The STATE Of Texas, Petitioner, v. NINETY THOUSAND TWO HUNDRED THIRTY–FIVE DOLLARS AND NO CENTS IN UNITED STATES CURRENCY ($90,235) and 2000 Black Lincoln Navigator Vin: 5LMPU28A7YLJ10865, Respondents.
Argued Nov. 7, 2012. -- January 25, 2013
Erin Delaney Koenemann, Jaime E. Esparza, Toni Raven Johns Estaville, El Paso County District Atty's Office, El Paso TX, for Petitioner.James Darrell Lucas, Attorney at Law, El Paso TX, Joe E. Boaz, Anson TX, for Respondents.
In this case the State brought an action for forfeiture of a vehicle and $90,235 found in it following a traffic stop. The driver of the vehicle, who claimed ownership of the vehicle and money, sought recovery of the property and filed a traditional motion for summary judgment. He asserted three grounds for summary judgment: (1) the trial court lacked subject-matter jurisdiction; (2) the State did not produce evidence of probable cause to seize the property; and (3) the search of the vehicle was illegal. The trial court granted the motion without stating its reasons. The court of appeals affirmed.
We conclude that the court of appeals erred by affirming on the basis that the State did not produce evidence of probable cause to seize the property. We reverse and remand to the court of appeals for further proceedings.
On May 6, 2008, El Paso Sheriff's Deputy Armando Gomez stopped a black Lincoln Navigator driven by Hermenegildo Godoy Bueno. Deputy Gomez requested that Bueno show proof of liability insurance and a driver's license, which he did. After running a warrants check on Bueno and his passenger, Deputy Gomez arrested the passenger for outstanding traffic warrants but neither arrested Bueno nor issued a traffic ticket to him. During the stop, however, Deputy Gomez noticed a backpack and a tote bag in the rear floorboard of the vehicle. Bueno said they contained his son's clothes. After Bueno denied Deputy Gomez's request for consent to search the vehicle, Deputy Gomez called a K–9 unit to the scene. According to a sworn statement by Detective Mario Garcia that was attached to the State's pleadings, the K–9 unit's dog alerted positively for the odor of narcotics on the Navigator's exterior. Deputy Gomez and the dog's handler searched the vehicle. Inside the backpack and the tote bag they discovered six clear plastic bags containing rubber band-wrapped bundles of cash totaling $90,235. According to Detective Garcia's sworn statement, the dog alerted positively to the odor of narcotics on the money. Bueno told Detective Garcia the money was partial payment for a ranch he sold and that he was going to deliver it as the final payment for an El Paso service station he purchased.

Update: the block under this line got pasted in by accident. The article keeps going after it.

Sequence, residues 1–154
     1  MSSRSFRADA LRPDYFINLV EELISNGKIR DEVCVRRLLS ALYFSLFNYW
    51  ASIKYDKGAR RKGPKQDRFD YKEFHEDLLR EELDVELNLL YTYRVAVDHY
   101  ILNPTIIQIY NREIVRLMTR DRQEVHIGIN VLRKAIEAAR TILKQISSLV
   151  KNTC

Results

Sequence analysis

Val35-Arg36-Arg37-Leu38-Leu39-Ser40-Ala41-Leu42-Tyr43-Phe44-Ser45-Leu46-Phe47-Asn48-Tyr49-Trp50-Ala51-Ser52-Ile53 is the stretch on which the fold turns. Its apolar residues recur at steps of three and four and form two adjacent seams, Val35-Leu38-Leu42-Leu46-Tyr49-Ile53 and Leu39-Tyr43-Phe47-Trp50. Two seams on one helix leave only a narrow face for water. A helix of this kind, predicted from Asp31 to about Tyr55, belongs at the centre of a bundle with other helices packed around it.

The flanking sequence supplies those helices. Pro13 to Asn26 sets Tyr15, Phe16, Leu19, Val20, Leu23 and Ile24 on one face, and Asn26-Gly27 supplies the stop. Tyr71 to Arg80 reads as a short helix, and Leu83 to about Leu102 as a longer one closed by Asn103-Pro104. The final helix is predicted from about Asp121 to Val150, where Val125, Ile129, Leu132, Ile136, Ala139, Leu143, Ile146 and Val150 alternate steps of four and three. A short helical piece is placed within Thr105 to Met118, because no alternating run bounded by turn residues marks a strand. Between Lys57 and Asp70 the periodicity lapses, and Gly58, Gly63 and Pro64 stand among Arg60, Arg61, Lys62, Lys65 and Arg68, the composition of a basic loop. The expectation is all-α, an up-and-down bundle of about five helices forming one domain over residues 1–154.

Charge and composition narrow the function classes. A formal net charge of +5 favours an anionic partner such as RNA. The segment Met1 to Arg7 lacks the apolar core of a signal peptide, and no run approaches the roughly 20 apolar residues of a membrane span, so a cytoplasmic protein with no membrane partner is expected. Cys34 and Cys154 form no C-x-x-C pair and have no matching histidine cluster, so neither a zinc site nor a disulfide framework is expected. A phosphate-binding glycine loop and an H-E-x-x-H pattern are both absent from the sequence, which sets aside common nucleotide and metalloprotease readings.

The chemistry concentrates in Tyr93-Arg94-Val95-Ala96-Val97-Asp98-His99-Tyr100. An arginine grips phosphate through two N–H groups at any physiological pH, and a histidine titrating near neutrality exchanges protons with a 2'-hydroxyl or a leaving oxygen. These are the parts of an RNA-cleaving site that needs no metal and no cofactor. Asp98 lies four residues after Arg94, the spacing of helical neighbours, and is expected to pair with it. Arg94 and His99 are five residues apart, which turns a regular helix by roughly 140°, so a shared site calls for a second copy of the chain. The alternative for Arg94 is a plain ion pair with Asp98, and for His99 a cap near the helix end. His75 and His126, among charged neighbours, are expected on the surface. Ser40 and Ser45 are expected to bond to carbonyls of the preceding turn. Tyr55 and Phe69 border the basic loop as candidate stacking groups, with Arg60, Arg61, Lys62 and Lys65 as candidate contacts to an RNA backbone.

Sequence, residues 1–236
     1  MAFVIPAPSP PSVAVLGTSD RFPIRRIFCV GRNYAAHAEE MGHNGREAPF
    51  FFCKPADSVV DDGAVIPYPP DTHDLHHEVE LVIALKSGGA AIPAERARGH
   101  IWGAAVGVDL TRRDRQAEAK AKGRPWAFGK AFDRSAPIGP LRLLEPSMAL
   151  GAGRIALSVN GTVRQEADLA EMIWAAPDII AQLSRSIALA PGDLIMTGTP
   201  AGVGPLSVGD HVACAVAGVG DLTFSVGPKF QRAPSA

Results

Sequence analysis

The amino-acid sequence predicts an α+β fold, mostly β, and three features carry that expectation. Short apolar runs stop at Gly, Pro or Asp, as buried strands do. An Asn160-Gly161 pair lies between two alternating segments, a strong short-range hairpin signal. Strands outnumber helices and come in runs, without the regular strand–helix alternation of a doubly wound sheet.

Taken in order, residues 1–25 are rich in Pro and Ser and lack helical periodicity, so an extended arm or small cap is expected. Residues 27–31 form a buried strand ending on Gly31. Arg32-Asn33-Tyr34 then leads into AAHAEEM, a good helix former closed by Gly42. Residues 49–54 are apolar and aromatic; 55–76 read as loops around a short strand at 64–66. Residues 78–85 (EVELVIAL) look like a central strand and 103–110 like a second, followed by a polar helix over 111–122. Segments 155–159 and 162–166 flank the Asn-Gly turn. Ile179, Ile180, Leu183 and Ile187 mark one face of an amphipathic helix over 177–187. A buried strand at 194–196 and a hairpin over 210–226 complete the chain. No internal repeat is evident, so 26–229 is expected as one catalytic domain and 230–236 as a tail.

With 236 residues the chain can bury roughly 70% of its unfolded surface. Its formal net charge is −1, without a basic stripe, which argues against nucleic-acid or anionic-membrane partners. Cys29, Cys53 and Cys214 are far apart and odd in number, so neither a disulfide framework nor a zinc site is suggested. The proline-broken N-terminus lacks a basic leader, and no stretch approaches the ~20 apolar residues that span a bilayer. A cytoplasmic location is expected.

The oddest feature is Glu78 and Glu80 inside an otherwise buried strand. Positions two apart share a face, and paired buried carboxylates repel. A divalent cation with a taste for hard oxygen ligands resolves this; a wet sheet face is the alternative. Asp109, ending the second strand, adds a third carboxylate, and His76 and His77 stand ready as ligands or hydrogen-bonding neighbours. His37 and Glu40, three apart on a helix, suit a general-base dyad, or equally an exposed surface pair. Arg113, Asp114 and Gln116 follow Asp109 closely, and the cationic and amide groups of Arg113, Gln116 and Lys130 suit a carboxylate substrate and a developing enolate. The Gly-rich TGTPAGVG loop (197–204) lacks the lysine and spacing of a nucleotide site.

The officers seized the money and vehicle (“the property”), and the State instituted forfeiture proceedings. Detective Garcia's sworn statement was attached to and incorporated into the State's pleadings by reference. See Tex.Code Crim. Proc. art 59.04(b). The pleadings alleged that the property was seized by a peace officer incident to a search to which the owner or agent-in-charge of the property consented or pursuant to a lawful arrest, lawful search, or lawful search incident to arrest. They also alleged that the property was contraband based on one of two alternative statutory provisions. First, they alleged that the property was used in, intended to be used in, or gained from commission of a felony under Chapter 481 of the Texas Health and Safety Code (the Texas Controlled Substances Act). See tex. Health & Safety Code §§ 481.001–.314. Second, they alleged that the property was contraband because it was used in, intended to be used in, or proceeds from commission of a felony under Chapter 34 of the Penal Code (Money Laundering). See Tex. Penal Code §§ 34.01–.03.